I know you’ve been thinking about fitness for your employees and maybe a gym or other sports facility.
For your gym or other athletic facilities to be tax-deductible, they must be mostly for the benefit of your employees. This doesn’t include employees who are officers, shareholders, or other owners with a 10 percent or higher stake in the business, or employees who are highly paid.
For the 10 percent ownership test, the law says that employees own any interest owned by their brothers and sisters, spouses, ancestors (like their parents and grandparents), and lineal descendants (such as children and grandchildren).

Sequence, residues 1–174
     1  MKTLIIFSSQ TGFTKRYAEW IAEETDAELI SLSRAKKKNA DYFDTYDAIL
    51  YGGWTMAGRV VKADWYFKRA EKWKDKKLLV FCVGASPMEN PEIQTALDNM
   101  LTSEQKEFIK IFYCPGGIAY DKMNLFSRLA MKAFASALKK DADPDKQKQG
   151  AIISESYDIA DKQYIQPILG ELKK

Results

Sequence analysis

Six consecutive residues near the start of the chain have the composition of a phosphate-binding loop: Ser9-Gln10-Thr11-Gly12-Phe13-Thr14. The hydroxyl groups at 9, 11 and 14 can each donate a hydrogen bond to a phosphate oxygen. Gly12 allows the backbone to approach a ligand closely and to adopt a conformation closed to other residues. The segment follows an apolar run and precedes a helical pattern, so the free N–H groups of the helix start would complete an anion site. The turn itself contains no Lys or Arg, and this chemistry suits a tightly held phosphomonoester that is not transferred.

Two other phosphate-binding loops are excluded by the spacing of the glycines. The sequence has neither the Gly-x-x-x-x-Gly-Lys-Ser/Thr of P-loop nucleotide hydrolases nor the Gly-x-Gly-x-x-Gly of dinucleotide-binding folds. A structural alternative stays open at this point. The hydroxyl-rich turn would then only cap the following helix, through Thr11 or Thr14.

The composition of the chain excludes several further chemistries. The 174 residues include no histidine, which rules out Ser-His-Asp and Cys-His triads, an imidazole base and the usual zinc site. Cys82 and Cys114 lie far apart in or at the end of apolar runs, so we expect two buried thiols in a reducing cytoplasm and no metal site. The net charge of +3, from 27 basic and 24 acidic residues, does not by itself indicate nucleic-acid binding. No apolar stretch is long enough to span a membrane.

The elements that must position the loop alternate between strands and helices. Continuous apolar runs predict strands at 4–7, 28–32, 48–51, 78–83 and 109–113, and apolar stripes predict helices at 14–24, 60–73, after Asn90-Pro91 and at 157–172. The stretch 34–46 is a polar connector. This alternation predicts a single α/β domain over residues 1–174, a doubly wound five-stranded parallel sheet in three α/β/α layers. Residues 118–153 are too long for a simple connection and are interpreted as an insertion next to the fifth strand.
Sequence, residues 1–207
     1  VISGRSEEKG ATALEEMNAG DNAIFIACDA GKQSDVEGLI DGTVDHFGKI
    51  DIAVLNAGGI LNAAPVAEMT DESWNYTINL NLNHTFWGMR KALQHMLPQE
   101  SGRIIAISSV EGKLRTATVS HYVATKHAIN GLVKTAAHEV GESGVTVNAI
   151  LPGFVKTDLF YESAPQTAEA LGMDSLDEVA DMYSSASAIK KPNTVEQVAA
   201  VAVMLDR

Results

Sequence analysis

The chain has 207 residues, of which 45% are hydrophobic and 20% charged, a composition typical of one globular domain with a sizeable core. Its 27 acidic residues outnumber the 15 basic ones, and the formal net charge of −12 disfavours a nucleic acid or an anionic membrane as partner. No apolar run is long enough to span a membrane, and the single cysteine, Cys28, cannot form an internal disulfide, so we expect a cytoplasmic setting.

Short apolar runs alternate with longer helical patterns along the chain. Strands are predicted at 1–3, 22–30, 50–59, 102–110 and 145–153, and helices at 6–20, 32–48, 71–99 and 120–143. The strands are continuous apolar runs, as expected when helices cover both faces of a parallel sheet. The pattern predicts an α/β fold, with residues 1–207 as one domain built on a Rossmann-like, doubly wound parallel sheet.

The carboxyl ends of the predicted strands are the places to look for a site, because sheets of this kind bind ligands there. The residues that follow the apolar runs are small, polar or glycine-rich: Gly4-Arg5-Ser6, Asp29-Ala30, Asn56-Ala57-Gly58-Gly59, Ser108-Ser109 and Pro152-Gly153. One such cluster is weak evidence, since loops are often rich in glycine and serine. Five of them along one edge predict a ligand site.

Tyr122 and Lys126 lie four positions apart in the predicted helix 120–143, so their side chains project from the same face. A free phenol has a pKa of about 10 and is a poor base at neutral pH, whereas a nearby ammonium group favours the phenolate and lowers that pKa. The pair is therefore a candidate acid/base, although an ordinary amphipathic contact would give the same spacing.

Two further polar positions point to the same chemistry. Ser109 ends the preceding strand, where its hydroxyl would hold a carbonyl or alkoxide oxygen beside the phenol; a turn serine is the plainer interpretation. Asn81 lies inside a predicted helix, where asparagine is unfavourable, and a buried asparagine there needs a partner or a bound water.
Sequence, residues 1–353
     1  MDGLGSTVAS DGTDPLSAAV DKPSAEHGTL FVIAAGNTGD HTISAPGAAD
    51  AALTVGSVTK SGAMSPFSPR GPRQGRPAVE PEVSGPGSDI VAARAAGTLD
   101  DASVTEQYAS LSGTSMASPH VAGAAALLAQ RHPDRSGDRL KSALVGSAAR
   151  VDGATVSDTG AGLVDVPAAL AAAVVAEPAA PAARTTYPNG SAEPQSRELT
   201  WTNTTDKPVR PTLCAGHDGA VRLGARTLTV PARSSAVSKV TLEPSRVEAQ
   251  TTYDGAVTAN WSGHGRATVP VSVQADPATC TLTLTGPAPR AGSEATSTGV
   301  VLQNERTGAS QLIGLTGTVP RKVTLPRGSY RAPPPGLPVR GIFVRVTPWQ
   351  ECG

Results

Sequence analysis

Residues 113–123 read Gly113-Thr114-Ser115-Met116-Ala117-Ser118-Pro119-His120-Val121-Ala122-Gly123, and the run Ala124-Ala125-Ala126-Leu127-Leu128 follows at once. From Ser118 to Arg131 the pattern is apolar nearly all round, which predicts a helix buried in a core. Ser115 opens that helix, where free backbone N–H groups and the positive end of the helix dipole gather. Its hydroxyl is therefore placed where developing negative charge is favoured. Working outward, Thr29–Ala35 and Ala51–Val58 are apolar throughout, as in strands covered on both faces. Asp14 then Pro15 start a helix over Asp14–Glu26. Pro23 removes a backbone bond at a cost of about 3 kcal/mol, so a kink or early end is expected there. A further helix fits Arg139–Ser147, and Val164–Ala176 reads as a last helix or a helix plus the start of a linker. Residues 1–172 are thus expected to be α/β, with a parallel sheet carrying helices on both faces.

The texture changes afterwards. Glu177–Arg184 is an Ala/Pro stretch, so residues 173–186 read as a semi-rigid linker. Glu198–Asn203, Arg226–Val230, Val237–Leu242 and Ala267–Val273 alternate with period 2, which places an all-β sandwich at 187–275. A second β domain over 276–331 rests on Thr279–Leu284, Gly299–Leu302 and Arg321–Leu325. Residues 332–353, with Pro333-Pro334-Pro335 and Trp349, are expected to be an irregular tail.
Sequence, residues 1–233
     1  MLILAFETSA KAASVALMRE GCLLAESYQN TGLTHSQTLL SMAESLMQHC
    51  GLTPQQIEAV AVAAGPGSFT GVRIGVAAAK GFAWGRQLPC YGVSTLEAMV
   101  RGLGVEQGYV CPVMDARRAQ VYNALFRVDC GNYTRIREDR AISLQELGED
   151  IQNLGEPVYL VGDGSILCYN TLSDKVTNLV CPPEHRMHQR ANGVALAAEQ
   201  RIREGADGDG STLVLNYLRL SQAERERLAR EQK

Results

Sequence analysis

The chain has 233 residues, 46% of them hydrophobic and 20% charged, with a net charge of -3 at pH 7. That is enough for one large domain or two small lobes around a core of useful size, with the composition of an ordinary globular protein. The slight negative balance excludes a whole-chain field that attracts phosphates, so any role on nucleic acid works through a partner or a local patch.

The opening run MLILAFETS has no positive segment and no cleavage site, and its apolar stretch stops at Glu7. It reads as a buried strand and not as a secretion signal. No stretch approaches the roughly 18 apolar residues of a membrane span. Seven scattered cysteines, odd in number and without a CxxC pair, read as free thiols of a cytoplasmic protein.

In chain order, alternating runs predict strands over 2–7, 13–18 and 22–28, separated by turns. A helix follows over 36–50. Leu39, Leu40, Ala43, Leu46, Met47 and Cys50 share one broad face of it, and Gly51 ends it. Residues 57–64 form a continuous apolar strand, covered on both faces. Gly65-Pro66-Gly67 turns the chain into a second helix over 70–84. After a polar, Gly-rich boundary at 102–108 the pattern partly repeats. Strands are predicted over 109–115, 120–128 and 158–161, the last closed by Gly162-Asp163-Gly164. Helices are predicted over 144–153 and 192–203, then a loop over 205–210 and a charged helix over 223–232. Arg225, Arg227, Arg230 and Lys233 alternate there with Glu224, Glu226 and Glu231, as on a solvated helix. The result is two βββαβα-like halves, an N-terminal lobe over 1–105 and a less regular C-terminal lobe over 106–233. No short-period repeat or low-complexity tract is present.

The employees who made more than $150,000 the year before are in the highly compensated group.
The gym or other athletic facility must help rank-and-file employees more than it helps the business owner or highly paid employees. Think of this test of the primary benefit as a 51-49 test.
This means that the rank-and-file workers and their families have to use the building more often than the owner and the group with the highest pay.
Look only at the number of days you used the facility to see if you pass the 51–49 test.
Example: During the year, rank-and-file employees use the gym 235 times, while you, as the business owner, use it only 137 times. The gym gets a 51-49 score. The people who use it don’t have to pay taxes on it, and the business can write it off as an employee recreation facility.
We know that tax strategy for small businesses can be hard. Schedule your free tax consultation and find out more about how the ideas in the article can apply to your specific tax situation.